In an examination of DMT use, a University of Colorado study found that younger patients (< 45 years) were more likely to have inflammatory disease activity and were less well-controlled with an oral DMT (DMF, fingolimod) than a MAb (ocrelizumab, rituximab) (Vollmer et al. ECTRIMS 2019; abstract 237). However, while the odds of experiencing disease activity were higher with an oral vs. MAb in younger patients (OR 2.67), there was no apparent advantage with MAbs vs. orals in patients >45 years (OR 1.16, NS). The authors suggested that higher efficacy therapies appear to have a disproportionately larger effect in younger patients, a conclusion that appears to be supported by the findings of a recent meta-analysis (Weideman et al. Front Neurol 2017;8:577). Interestingly, an analysis of DMT use in Denmark found that people starting a DMT after age 40 were most likely to receive teriflunomide, whereas those younger than age 40 were more likely to receive DMF (Sorensen et al. ECTRIMS 2019; abstract P1382). Higher-efficacy DMTs (fingolimod, natalizumab) were also more commonly used in younger patients. A further finding was that older patients were less likely to be adherent to a higher-efficacy drug regimen.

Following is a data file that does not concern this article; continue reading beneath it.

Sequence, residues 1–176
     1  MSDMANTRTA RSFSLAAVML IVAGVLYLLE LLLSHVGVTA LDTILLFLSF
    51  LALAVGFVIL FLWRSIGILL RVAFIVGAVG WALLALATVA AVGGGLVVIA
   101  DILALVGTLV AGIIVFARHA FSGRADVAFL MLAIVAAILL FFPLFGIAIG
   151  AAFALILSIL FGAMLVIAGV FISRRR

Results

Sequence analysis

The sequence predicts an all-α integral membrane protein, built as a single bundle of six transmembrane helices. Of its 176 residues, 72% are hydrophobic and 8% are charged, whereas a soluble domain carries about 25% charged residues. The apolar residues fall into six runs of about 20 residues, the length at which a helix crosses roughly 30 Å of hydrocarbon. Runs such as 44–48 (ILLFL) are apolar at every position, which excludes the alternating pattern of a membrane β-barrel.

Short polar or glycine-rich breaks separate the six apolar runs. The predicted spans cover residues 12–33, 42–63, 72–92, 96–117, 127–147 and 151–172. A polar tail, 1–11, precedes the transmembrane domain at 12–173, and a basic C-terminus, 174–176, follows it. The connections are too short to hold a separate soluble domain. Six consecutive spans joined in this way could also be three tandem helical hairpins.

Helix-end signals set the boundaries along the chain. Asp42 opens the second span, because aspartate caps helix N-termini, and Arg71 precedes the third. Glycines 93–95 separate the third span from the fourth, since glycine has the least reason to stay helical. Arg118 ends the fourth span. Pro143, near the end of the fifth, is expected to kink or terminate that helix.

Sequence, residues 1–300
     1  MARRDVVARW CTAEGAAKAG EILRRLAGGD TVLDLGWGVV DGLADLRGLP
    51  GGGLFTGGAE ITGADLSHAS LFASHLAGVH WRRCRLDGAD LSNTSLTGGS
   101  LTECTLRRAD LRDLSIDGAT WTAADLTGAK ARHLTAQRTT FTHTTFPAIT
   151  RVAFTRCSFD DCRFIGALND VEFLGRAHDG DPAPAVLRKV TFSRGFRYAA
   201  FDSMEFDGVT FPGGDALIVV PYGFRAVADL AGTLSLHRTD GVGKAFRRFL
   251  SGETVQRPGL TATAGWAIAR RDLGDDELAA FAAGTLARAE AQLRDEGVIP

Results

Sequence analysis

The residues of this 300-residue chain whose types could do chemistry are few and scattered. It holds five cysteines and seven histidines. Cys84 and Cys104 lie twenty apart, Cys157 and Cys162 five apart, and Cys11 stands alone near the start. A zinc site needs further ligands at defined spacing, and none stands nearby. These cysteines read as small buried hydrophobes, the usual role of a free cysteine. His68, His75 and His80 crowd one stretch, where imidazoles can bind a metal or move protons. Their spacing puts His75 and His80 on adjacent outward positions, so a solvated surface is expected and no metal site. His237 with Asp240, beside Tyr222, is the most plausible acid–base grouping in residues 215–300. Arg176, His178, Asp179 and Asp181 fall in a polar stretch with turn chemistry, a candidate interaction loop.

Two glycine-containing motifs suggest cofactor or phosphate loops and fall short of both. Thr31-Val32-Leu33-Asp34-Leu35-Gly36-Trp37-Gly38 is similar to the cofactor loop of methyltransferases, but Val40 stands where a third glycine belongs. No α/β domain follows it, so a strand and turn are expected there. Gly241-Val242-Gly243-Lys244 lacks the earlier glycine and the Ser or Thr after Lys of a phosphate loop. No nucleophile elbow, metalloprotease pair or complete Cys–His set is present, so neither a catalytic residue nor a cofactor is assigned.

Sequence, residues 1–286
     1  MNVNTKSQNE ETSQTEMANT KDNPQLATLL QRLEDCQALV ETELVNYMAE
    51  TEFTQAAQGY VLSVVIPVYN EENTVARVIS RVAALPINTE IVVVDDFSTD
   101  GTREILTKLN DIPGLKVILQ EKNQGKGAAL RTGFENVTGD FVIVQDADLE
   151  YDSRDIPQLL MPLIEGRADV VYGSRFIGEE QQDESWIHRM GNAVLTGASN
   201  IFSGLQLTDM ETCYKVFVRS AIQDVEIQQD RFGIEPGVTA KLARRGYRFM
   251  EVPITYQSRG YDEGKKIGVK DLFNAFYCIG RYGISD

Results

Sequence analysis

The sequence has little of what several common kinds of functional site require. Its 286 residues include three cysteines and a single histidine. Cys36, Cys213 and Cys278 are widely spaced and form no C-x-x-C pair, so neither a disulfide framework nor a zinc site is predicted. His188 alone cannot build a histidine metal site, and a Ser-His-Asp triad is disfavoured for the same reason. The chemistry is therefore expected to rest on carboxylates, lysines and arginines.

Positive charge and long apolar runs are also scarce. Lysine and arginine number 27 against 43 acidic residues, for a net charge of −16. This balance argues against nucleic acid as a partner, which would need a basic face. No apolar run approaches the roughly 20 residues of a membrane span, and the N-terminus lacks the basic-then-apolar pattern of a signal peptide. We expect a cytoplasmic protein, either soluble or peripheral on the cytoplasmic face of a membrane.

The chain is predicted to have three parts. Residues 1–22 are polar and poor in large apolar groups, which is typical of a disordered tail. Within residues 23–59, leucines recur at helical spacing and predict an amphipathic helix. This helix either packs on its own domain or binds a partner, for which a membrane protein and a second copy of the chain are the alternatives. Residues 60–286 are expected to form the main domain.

Earlier use of higher-efficacy therapies may be due, in part, a more urgent response to breakthrough disease activity and the availability of more treatment options. While no evidence of disease activity (NEDA) is difficult to achieve, a recent analysis by the Barcelona group has suggested that patients who do achieve NEDA for one year have a high probability (61%) of having no disease activity at three-year follow-up (Midaglia et al. ECTRIMS 2019; abstract P680). In the STRIVE-MS trial, 56.2% of patients treated with natalizumab achieved NEDA in the first year (Perumal et al. ECTRIMS 2019; abstract P1348). NEDA rates (noncumulative) remained >70% for each of the subsequent years in the four-year study. A separate study found that maintaining NEDA for the first two years predicted a low risk of three-month confirmed disability progression (CDP) at five and seven years (Tsantes et al. ECTRIMS 2019; abstract P1050). In contrast, the lesser benchmark of minimal evidence of disease activity (MEDA) was not predictive of disability outcomes.